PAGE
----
The school is in a convenient location. It is very close to the Eglinton subway station and my son commutes by public transport. He packs his lunch and eats at school most days. The lunch break is 45 minutes which is tight to go out, buy and eat. There are many students who do this though, there is a Loblaws and many fast food options. OAT is an alternative school. It really feels more like an office, it is located in a building with an elevator. We haven't yet enrolled in the gym class, due to COVID-19 this has been postponed until next year. I understand that the school uses Eglinton park and the gymnasium of another nearby high school for gym and sports days.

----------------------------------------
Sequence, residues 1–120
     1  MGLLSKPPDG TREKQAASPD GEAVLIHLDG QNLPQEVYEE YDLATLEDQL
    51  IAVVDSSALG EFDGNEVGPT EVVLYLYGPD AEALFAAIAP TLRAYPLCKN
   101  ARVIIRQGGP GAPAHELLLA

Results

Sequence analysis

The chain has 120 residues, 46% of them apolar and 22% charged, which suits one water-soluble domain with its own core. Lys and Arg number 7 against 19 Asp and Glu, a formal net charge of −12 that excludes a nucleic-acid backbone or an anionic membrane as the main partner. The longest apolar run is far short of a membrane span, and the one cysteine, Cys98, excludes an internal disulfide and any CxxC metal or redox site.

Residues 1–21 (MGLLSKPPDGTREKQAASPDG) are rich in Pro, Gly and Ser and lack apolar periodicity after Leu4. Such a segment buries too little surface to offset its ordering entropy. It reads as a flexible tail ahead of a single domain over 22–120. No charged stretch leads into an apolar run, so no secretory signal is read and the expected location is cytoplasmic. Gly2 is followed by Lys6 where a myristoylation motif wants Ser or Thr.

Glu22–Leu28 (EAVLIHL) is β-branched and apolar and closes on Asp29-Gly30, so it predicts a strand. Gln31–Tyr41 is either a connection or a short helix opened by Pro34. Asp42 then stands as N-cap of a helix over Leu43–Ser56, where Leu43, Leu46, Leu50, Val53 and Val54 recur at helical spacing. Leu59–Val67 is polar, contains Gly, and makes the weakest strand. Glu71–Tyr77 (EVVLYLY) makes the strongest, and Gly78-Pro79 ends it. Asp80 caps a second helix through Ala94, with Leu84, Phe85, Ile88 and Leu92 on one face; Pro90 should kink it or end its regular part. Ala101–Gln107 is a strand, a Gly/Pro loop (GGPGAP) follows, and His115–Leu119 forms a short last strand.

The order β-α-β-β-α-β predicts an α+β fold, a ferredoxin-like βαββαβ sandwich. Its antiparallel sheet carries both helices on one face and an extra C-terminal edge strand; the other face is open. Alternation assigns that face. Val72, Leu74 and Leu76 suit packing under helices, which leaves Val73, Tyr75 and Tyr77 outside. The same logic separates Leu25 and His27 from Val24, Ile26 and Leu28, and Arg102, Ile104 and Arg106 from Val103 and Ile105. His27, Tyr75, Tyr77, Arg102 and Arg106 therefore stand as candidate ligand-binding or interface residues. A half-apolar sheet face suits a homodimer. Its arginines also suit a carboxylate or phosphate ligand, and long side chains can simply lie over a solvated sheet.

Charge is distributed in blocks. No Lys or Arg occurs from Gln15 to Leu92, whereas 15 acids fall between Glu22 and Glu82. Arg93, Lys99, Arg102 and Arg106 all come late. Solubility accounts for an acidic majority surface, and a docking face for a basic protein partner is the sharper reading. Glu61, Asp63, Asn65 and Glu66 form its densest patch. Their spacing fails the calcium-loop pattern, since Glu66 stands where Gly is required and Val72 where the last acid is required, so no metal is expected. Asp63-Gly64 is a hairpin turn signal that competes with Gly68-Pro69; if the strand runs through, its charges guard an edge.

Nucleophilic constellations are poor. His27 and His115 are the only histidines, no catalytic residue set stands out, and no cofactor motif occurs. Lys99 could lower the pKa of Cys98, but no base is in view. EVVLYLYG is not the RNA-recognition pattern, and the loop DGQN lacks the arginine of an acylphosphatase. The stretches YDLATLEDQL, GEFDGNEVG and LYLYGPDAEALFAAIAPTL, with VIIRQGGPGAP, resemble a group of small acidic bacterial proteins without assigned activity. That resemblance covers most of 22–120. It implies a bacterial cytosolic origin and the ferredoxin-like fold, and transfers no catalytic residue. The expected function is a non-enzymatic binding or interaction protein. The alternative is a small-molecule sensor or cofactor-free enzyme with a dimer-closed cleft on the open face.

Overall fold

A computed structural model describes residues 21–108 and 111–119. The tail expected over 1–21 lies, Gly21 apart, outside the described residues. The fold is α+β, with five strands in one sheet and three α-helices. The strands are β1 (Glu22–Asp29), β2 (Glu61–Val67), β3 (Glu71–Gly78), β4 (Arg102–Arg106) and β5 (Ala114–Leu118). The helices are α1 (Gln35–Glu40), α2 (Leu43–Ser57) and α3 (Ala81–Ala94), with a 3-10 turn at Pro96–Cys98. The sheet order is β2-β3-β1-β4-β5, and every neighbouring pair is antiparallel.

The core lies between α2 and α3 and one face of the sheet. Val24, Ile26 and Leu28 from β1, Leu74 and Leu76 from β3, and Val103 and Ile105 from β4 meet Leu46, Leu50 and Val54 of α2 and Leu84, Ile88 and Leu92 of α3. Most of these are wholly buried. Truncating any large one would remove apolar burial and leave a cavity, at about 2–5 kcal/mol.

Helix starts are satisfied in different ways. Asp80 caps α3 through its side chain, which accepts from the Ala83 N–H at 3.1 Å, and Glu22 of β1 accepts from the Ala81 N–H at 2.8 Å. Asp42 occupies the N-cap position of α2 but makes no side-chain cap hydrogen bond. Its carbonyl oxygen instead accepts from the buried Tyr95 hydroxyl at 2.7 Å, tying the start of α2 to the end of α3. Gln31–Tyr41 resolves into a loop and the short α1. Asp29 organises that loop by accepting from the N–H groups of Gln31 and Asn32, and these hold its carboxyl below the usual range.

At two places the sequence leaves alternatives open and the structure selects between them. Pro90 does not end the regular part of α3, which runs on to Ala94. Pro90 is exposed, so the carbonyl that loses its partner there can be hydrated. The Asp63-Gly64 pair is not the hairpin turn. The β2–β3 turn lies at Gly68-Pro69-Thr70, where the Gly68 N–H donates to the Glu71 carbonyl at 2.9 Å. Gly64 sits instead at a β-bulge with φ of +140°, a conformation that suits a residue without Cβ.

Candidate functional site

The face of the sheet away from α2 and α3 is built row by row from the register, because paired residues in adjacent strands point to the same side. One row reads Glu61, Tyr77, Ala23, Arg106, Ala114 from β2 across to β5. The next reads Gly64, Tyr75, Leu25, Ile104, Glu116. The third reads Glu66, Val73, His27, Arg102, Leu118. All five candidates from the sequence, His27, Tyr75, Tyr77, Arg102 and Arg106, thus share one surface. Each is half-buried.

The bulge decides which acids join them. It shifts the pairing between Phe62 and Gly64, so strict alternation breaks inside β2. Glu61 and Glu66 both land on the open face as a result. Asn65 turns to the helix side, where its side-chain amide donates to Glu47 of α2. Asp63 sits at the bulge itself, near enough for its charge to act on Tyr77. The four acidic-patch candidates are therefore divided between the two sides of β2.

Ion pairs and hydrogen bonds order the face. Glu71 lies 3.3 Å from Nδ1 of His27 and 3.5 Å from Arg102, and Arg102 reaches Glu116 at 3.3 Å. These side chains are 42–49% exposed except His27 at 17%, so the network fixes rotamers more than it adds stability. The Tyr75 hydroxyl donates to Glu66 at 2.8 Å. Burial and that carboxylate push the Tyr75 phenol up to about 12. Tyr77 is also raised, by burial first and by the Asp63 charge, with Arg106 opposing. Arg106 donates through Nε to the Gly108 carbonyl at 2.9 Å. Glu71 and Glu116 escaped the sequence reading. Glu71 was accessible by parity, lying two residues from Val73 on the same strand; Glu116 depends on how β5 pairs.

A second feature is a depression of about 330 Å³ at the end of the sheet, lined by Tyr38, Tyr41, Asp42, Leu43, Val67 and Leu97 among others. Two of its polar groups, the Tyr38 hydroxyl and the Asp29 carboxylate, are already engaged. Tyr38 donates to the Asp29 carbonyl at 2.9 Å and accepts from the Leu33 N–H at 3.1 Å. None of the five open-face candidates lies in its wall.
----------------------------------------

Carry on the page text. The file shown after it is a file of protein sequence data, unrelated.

The principal at OAT communicates regularly with parents by email. We receive school updates and summaries of any events. I have also met in person, spoken by phone and emailed the principal. The teachers are available to meet before and after school. I meet with my son's teachers every semester. The teachers are available to help students after class, I think this may be on specific days or by appointment. There haven't been any discipline issues within the school that I am aware of.